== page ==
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The Risks of Being A Woman During the Pandemic

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Before I found myself “sheltering in place,” this article was to be about women’s actions around the world to mark March 8, International Women’s Day. From Pakistan to Chile, women in their millions filled the streets, demanding that we be able to control our bodies and our lives. Women came out in Iraq and Kyrgyzstan, Turkey and Peru, the Philippines and Malaysia. In some places, they risked beatings by masked men. In others, they demanded an end to femicide—the millennia-old reality that women in this world are murdered daily simply because they are women.

In 1975 the Future Was Female

This year’s celebrations were especially militant. It’s been 45 years since the United Nations declared 1975 the International Women’s Year and sponsored its first international conference on women in Mexico City. Similar conferences followed at five-year intervals, culminating in a 1995 Beijing conference, producing a platform that has in many ways guided international feminism ever since.

Beijing was a quarter of a century ago, but this year, women around the world seemed to have had enough. On March 9, Mexican women staged a 24-hour strike, un día sin nosotras (a day without us women), to demonstrate just how much the world depends on the labor—paid and unpaid—of… yes, women. That womanless day was, by all accounts, a success. The Wall Street Journal observed—perhaps with a touch of astonishment—that “Mexico grinds to a halt. Hundreds of thousands of women paralyzed Mexico in an unprecedented nationwide strike to protest a rising wave of violence against women, a major victory for their cause.”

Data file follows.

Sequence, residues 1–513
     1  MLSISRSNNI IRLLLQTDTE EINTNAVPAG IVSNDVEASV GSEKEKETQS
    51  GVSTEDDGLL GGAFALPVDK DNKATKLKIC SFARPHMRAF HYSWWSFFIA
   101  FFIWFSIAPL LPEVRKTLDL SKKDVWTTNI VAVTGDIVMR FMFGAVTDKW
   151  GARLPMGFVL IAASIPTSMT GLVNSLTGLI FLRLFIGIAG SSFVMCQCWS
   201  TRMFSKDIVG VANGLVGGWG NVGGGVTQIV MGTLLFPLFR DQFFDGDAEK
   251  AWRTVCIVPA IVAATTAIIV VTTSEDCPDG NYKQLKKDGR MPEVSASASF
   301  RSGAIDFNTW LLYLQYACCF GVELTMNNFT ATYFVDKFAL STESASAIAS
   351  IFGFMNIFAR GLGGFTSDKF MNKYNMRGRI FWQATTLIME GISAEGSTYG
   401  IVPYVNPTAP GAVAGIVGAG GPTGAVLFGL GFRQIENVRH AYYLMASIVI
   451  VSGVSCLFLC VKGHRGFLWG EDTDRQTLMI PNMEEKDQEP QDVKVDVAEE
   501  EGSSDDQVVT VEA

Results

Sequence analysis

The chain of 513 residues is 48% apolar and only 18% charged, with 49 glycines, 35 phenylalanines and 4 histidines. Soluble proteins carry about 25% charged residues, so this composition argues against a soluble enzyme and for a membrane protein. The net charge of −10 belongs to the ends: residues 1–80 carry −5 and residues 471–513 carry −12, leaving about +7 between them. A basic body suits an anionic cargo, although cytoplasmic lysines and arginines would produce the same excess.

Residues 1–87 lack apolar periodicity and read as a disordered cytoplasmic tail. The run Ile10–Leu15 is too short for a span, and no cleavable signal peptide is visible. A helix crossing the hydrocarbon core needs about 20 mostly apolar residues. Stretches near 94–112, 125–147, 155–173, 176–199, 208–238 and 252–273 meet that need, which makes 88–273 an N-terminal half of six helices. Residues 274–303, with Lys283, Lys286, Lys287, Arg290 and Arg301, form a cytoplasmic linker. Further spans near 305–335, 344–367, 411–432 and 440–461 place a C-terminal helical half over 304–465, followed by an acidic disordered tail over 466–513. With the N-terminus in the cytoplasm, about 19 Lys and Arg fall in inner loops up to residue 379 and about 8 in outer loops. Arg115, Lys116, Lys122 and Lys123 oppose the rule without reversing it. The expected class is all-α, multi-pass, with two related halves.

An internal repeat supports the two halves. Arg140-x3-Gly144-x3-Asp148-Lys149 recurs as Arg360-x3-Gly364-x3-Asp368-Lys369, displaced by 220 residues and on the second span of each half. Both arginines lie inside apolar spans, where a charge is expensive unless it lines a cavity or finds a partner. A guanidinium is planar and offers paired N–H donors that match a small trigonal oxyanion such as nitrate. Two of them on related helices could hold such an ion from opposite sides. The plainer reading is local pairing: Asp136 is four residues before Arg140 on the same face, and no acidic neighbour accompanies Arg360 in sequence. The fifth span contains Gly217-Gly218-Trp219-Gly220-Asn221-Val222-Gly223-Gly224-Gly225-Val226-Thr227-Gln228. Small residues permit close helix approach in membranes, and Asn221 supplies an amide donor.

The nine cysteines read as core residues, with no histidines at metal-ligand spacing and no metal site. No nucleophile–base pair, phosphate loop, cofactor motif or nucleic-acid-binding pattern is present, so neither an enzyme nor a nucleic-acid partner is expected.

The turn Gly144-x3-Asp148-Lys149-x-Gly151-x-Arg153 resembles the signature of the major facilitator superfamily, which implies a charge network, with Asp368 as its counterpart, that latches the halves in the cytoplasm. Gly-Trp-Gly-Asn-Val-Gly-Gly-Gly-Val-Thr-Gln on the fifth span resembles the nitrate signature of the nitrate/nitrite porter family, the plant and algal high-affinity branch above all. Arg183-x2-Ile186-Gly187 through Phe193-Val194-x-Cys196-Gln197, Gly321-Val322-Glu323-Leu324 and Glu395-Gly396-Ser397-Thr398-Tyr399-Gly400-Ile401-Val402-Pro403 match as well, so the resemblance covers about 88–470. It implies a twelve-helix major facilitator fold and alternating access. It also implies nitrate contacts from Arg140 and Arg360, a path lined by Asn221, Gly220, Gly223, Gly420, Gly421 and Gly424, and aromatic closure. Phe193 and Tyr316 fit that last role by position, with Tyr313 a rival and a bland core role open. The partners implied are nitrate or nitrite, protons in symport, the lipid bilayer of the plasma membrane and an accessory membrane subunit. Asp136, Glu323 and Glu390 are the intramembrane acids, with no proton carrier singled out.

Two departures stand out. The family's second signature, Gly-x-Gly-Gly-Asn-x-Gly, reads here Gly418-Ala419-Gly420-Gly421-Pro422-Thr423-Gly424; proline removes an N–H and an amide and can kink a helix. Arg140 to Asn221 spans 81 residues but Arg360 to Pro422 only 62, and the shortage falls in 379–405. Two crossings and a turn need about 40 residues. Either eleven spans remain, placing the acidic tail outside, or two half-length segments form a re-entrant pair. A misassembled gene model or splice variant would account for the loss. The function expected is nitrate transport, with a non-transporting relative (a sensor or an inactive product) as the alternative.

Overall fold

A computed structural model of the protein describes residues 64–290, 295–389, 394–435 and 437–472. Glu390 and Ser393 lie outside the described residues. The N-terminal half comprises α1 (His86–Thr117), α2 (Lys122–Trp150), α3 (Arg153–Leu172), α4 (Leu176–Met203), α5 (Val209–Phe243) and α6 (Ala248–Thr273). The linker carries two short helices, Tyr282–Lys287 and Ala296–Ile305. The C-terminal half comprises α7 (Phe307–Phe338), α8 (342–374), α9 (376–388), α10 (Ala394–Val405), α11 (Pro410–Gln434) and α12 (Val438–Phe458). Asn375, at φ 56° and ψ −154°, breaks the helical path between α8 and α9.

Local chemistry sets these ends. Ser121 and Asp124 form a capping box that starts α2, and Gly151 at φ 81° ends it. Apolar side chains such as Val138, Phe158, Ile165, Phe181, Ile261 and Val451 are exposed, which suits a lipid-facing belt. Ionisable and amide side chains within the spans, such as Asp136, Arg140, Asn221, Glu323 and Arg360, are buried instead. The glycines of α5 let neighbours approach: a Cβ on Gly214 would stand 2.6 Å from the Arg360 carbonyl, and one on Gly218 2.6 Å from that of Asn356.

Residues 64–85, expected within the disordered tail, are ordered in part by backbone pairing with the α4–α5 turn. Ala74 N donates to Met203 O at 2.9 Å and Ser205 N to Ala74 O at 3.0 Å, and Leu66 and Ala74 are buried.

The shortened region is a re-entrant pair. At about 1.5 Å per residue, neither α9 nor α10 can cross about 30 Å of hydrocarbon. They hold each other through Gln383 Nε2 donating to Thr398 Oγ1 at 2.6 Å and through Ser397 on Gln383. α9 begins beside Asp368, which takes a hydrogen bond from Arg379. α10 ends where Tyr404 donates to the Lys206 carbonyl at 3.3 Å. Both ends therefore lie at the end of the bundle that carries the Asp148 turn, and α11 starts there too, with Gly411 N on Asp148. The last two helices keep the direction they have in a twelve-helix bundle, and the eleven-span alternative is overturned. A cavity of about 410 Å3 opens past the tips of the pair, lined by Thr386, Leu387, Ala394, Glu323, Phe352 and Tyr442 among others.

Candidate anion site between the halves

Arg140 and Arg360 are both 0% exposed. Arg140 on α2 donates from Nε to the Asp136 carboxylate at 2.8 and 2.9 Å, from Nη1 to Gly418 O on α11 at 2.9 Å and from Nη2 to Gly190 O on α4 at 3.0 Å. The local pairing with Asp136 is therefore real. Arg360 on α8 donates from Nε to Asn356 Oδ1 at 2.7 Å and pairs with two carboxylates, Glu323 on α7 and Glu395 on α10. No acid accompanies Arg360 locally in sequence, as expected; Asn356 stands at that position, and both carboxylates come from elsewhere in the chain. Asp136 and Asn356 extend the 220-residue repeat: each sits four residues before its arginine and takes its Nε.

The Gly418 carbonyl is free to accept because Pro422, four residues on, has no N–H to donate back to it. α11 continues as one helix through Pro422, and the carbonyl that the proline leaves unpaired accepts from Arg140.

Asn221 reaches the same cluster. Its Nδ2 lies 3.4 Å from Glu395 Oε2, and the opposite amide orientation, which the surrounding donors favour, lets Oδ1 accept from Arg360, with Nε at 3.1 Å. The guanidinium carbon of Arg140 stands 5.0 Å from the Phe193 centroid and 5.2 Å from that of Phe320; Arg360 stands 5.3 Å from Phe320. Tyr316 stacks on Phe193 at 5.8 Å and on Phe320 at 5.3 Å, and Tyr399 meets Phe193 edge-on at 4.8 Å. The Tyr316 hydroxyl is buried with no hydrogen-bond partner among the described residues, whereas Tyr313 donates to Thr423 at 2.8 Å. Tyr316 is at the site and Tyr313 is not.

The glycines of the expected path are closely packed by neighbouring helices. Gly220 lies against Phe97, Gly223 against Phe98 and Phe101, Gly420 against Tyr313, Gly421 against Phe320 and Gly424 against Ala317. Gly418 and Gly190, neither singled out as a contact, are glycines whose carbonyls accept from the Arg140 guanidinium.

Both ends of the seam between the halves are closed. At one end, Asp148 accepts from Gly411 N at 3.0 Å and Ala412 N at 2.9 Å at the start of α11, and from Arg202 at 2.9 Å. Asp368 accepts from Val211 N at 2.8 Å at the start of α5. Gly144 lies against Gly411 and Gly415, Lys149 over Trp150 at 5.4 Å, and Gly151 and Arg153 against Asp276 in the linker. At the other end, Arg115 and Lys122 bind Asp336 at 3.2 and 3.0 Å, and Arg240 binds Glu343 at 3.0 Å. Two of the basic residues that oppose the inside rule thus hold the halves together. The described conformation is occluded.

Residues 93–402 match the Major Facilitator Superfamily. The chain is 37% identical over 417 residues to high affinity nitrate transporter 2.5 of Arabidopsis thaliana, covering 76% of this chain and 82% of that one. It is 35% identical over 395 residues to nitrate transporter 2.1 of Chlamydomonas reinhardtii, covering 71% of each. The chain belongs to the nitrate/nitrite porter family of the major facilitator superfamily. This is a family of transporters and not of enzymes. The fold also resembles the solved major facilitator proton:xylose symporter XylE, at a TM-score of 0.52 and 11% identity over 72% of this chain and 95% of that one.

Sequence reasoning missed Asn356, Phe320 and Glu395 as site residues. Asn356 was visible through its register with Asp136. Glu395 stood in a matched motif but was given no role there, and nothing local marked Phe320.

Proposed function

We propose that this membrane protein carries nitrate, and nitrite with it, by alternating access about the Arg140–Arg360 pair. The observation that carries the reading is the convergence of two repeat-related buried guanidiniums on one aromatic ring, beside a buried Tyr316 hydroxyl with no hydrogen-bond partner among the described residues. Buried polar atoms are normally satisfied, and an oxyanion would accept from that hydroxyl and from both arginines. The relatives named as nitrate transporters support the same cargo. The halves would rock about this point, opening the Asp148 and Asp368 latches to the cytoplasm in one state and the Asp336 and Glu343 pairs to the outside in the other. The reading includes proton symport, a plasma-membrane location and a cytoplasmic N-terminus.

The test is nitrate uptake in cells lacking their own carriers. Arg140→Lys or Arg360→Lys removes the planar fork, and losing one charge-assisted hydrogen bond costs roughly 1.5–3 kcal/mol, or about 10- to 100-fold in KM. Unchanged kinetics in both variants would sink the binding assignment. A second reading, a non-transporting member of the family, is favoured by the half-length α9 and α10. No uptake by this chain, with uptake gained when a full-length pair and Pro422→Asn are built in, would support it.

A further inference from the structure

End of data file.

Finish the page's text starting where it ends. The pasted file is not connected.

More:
In addition to crowding the streets and emptying factories and offices, some women also broke store windows and fought with the police. Violence? From women? What could have driven them to such a point?

Perhaps it was the murder of Ingrid Escamilla, 25, a Mexico City resident, who, according to The New York Times, “was stabbed, skinned and disemboweled” this February. Maybe it was that the shooting of the artist and activist Isabel Cabanillas de la Torre in Ciudad Juarez, a barely noted reminder to an uninterested world that women have been disappearing for decades along the US-Mexico border. Or maybe it was just the fact that official figures for 2019 revealed more than 1,000 femicides in Mexico, a 10 percent increase from the previous year, while many more such murders go unrecorded.

Is the Pandemic Patriarchal?

If it weren’t for the pandemic, maybe The Wall Street Journal would have been right. Maybe the Day Without Women would have been only the first of many major victories. Maybe the international feminist anthem, “El violador eres tú” (You [the patriarchy, the police, the president] are the rapist), would have gone on inspiring flash-mobs of dancing, chanting women everywhere. Perhaps the world’s attention might not have been so quickly diverted from the spectacle of women’s uprisings globally. Now, however, in the United States and around the world, it’s all-pandemic-all-the-time, and with reason. The coronavirus has done what A Day Without Women could not: It’s brought the world’s economy to a shuddering halt. It’s infected hundreds of thousands of people and killed tens of thousands. And it continues to spread like a global wildfire.





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